In addition to the manager, pre-season saw a major turnaround in playing staff at the Estadio Ramon Sanchez Pizjuan, with last year’s stars Kevin Gameiro, Ever Banega and Grzegorz Krychowiak departing. But Monchi worked his magic once again, with Samir Nasri, Pablo Sarabia, Wissam Ben Yedder and Vazquez catching the eye since joining Sevilla this season.

There have also been outstanding contributions from existing players like all-action winger Vitolo, powerhouse midfielder Steven N’Zonzi and rising young goalkeeper Sergio Rico.

The key to it all has been Sampaoli’s ability to quickly gel together his assembled talents into an effective unit, and the Argentine has done so in an exciting manner with a dazzling array of attack-minded formations and tactical approaches. From one game to the next it is never easy to guess who Sampaoli will select, or whether they will line up in a three-man defence or a flat-back four.

With his emphasis on fast-paced passing, high pressing and rapid transitions, Sampaoli is every inch the modern manager and the influence of Marcelo Bielsa upon his thinking is easy to see.

In the coming months we’ll discover exactly how far he can take Sevilla – and it will be fun to find out.

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La Liga Fans' Top Five: Barca dominate

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Each week, Sport360 brings you the best five players from La Liga, as chosen by you the supporters through our ValoraFutbol fan ratings tool.

YOU have direct influence on who appears in each Top Five, so be sure to rate each weekend.

What do you make of this week’s ratings?

Share with us your thoughts by commenting below, using #360fans on Twitter or getting in touch via Facebook.

LUIS SUAREZ (BARCELONA) – 7.7

Luis Suarez has been a goal-scoring machine ever since his arrival at Barcelona, and against a not-so-strong Las Palmas team you would fancy him to score a few.

And that is exactly what the Uruguayan did. A 14th minute goal from Andre Gomes’ ball, hit on first touch by Suarez gave Barca the lead. And after being offered too much space and time on the ball, Suarez again made Palmas pay the price with his second goal.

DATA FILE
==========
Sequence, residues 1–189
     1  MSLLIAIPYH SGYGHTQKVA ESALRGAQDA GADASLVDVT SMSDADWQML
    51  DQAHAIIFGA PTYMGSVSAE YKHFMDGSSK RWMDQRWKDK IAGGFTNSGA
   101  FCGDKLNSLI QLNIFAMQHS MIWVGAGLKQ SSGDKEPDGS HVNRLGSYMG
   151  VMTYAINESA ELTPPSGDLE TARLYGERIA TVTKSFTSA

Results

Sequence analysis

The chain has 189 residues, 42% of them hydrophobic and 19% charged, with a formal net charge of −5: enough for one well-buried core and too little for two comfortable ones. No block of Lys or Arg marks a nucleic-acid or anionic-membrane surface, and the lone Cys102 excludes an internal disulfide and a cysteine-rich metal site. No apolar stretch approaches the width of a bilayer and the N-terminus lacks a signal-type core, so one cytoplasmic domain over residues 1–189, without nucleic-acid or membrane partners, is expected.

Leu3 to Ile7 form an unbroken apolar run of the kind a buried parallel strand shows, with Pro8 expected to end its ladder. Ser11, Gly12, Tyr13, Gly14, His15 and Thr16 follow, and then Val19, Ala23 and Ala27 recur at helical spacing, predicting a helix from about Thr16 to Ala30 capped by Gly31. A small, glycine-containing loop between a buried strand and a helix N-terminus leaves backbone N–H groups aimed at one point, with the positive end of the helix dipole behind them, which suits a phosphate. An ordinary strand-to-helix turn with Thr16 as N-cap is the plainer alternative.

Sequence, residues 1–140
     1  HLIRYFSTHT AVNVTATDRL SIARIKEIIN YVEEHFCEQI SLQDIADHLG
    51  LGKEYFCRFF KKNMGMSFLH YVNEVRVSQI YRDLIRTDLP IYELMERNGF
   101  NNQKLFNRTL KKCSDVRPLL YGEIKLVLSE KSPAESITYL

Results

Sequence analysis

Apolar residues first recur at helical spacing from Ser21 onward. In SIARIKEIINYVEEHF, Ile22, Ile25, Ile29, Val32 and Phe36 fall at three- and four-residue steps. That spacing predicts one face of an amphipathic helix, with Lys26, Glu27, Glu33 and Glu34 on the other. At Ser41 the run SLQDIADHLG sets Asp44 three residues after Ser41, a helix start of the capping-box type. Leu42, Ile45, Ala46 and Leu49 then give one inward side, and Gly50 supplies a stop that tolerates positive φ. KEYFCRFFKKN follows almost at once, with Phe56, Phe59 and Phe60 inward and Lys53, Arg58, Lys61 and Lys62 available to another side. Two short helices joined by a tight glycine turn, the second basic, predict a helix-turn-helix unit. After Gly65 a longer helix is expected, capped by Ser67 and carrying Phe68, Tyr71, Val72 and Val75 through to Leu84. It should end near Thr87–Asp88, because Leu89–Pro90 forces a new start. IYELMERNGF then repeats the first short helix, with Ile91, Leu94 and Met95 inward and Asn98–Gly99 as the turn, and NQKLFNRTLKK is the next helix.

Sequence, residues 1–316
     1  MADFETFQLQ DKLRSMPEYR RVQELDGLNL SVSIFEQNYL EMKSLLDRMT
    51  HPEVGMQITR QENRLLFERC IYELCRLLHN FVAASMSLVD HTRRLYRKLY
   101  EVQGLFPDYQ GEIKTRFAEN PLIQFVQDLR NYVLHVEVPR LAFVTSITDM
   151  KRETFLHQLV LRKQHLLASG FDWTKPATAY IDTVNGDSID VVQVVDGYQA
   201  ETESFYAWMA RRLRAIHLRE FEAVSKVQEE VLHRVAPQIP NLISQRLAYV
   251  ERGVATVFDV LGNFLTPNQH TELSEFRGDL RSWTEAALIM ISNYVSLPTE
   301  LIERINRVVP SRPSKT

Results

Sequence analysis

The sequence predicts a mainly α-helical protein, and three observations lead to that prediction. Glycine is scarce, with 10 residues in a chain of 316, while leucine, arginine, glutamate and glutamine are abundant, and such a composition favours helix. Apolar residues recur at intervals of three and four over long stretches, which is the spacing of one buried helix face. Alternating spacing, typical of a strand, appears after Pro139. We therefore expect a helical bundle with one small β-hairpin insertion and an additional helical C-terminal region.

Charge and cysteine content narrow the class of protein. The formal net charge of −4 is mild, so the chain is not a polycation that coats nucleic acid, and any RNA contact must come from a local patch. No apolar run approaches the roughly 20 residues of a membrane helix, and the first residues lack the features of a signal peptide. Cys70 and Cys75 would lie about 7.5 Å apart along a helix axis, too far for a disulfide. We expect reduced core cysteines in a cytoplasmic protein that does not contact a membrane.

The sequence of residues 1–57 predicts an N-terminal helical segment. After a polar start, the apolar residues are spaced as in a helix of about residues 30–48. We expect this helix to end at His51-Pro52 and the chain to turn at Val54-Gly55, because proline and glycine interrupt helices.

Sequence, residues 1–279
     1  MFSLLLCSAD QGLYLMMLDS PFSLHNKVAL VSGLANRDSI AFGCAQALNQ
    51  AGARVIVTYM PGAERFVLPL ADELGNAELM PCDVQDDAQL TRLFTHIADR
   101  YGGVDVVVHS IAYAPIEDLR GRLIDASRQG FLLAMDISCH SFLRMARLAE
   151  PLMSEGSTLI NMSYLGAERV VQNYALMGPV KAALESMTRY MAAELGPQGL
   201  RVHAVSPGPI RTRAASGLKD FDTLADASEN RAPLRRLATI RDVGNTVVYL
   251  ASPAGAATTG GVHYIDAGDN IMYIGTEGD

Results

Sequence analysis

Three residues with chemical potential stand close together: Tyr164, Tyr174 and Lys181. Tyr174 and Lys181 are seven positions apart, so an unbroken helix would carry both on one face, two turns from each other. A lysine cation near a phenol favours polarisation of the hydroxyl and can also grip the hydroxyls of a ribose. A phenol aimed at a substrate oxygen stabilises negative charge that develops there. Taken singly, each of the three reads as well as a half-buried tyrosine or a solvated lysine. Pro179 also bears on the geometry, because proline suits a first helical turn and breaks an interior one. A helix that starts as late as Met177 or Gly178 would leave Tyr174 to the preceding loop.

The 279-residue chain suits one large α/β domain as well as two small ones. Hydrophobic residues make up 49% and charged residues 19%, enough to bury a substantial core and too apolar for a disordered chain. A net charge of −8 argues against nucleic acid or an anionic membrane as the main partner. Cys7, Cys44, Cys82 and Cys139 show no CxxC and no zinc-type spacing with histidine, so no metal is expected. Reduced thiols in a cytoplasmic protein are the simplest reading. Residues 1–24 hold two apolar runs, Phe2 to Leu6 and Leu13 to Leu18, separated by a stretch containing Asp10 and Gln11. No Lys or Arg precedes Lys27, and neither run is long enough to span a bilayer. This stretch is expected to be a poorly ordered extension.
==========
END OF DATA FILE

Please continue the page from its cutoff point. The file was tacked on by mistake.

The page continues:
Barca’s third goal too might have been scored by Arda Turan but it was Suarez’s counter-attacking run and a shot that rebounded off the keeper, that was instrumental.

LIONEL MESSI (BARCELONA) – 7.7

The Argentine genius played a vital part in Barcelona’s 5-0 victory at home.

Messi made some terrific dribbles, runs into the box and sublime, at times key, passes in the final third.

There was no need for a last-gasp free-kick and Messi also missed a one-on-one with the goalkeeper, but he did score a tap-in and looks in good touch for the remainder of the season.

NANI (VALENCIA) – 7.6

Valencia finally ended their winless streak after winning 2-1 against Espanyol, and it was a decent performance from Nani who threatened the Espanyol defense throughout.

Nani provided the assist to Martin Montoya for the first goal of the game and an in-form Nani might help Valencia to get their La Liga campaign back on track.

ALEIX VIDAL (BARCELONA) – 7.6

The Barcelona full-back has not been first choice under Luis Enrique, but after a stellar game against Palmas, it looks as though he might now get more first-team appearances.

After the game, Enrique said of Vidal: “His performance contradicted the Coach because he had an excellent match. Physically he’s a unit, he has great natural fitness and trains very well. I was very happy with his performance.”

Vidal played a part in Barca’s first goal and also scored their fifth.

ANDRE GOMES (BARCELONA) – 7.4

The midfielder played a vital role in taking control of things in the midfield.

He made the all-important run and provided an assist to Suarez for the first goal and Gomes will take plenty of confidence from the game against Las Palmas.

He was both physical and creative, a sign of positive things for Enrique and Barcelona in the future.